U.S. Pat. No. 4,335,997 by Ewing et al. discloses a dual alloy radial turbine rotor in which a preformed hub of powdered metal is consolidated into a preform having a cylindrical nose section and an outwardly flared conical skirt. After machining, the outer surface of the hub is diffusion bonded (by hot isostatic pressing) to a cast blade ring. The slope of a flared skirt portion of the blade ring is configured to optimize the location of the high strength material and achieve optimum blade and hub stress levels.
Although not recognized by the Ewing et al. reference, a problem that occurs in radial turbine rotors, is the occurrence of cracking in the "saddle" regions of the rim of the blade ring. Our analyses and experiments have shown that high creep rupture strength material of which the blade ring is formed does not adequately resist fatigue in the saddle regions at the outer portions of the conical skirt of the rim of the blade ring.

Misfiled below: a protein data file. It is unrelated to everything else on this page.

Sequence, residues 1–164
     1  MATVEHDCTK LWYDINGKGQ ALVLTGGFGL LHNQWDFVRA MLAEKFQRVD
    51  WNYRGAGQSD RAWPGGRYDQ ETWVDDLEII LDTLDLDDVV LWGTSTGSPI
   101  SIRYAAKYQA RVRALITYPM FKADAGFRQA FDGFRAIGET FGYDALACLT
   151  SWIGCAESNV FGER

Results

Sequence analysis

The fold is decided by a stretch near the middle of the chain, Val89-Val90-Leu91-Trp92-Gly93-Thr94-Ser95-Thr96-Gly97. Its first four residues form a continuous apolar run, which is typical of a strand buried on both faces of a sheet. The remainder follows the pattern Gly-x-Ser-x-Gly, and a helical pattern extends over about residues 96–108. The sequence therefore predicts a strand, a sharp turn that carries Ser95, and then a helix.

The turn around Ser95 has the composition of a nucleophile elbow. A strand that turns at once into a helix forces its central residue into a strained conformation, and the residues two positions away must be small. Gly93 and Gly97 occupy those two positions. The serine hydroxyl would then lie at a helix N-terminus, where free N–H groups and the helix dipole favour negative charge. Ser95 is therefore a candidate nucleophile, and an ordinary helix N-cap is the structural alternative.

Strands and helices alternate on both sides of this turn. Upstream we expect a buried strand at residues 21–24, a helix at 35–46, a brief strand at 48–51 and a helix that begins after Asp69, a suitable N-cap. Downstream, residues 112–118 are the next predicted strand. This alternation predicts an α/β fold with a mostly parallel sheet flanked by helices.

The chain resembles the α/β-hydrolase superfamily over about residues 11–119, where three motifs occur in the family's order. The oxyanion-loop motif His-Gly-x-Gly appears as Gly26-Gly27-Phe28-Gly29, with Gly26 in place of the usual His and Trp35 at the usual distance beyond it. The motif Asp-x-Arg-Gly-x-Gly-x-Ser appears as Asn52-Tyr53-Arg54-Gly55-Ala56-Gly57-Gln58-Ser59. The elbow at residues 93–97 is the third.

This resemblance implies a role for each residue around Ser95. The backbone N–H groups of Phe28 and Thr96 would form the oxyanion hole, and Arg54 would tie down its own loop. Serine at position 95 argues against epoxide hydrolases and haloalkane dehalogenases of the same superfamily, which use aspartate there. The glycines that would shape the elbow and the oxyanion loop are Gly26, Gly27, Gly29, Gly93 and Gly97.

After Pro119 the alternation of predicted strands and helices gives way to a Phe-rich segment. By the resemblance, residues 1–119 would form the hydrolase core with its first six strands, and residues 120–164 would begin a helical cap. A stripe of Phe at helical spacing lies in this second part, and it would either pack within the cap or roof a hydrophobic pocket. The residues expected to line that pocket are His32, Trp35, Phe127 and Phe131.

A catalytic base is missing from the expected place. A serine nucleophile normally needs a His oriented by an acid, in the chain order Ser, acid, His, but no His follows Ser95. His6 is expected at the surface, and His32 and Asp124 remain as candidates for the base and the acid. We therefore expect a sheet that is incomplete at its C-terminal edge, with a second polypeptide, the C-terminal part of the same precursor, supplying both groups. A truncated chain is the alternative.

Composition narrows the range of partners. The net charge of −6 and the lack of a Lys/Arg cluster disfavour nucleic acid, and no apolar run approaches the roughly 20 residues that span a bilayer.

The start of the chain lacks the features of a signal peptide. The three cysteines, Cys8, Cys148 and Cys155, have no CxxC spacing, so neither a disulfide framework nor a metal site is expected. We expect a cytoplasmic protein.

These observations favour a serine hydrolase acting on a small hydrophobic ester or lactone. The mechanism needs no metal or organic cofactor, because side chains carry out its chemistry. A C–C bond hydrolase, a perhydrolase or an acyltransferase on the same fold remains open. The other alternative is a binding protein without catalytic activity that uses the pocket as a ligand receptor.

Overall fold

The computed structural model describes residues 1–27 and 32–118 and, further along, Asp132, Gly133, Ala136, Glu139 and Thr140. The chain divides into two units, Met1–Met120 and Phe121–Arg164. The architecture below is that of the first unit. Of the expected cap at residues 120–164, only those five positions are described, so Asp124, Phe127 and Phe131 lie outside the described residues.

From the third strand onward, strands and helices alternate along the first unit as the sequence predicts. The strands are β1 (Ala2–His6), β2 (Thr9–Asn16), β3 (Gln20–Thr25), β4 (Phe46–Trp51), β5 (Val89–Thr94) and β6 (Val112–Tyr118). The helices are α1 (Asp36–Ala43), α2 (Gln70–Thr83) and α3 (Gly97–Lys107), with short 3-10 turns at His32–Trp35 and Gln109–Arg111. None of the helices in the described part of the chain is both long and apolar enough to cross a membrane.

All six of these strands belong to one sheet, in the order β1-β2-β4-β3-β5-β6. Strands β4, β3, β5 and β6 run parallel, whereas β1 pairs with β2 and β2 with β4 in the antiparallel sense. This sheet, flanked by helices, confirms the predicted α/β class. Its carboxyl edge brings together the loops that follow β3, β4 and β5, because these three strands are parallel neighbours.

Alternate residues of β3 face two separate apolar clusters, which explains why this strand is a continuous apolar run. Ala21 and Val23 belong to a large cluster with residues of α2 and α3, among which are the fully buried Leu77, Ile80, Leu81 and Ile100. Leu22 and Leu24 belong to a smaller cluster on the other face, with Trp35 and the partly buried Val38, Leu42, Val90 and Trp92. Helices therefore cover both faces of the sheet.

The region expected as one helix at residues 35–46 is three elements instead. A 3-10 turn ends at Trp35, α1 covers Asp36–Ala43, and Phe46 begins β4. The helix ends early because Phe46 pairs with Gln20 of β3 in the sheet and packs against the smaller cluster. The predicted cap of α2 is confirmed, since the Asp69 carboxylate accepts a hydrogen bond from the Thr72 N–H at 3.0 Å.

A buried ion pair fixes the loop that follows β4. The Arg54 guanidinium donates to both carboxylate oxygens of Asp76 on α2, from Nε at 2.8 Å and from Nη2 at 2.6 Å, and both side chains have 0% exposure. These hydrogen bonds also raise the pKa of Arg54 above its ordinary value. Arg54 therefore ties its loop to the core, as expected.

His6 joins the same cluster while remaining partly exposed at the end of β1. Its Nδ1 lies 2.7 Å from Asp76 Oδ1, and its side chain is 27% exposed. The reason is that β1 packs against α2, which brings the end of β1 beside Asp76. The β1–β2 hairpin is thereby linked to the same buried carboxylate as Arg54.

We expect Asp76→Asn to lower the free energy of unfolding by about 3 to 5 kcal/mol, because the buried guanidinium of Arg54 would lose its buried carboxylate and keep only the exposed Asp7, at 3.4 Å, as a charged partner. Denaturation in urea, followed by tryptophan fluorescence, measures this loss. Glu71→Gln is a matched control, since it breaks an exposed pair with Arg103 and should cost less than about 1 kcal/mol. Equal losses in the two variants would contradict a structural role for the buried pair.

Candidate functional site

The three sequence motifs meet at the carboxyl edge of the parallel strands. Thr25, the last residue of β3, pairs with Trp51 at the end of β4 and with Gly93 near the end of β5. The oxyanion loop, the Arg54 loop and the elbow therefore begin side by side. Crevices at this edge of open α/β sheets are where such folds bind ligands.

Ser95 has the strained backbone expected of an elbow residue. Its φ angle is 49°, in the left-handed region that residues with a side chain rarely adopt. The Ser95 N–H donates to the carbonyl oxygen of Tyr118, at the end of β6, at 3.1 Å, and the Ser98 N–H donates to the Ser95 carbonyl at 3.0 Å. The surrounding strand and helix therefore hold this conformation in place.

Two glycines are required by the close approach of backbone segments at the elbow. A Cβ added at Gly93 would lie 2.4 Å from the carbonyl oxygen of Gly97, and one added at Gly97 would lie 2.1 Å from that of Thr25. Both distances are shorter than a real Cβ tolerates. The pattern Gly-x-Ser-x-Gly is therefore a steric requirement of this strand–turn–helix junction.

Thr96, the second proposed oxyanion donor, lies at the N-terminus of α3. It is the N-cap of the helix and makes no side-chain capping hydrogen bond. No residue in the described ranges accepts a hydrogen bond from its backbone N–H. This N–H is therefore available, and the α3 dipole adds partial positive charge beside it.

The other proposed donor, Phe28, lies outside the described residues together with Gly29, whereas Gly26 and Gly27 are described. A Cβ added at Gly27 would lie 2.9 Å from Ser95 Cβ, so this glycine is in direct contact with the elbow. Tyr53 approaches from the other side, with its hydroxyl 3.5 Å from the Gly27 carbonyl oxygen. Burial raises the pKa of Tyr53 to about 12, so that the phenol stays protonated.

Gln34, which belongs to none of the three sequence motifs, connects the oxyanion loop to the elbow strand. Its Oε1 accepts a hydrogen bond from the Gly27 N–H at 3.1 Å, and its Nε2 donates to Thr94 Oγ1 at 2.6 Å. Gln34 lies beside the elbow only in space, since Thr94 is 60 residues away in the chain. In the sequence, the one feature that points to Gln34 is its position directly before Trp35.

The blades in the Ewing et al. reference have cooling passages therein, resulting in a considerably lower temperature profile than would be the case for a non-cooled blade structure. Therefore, the creep rupture strength of the blade material could be lower for the Ewing et al. blade structure than for a non-cooled blade structure in the same environment. However, cooled blades are much more expensive to manufacture than non-cooled blades. It would be desirable to provide a non-cooled blade having a grain structure or morphology that can withstand failure due to creep rupture. It is also desirable that a non-cooled blade structure be provided in a radial turbine rotor that is resistant to fatigue and cracking in the saddle regions between the blades.
Numerous prior art references disclose axial dual alloy turbine wheels, but none of them are subjected to the hot radial gas flow patterns that result in cracking in the saddle regions of radial turbine rotors as described above.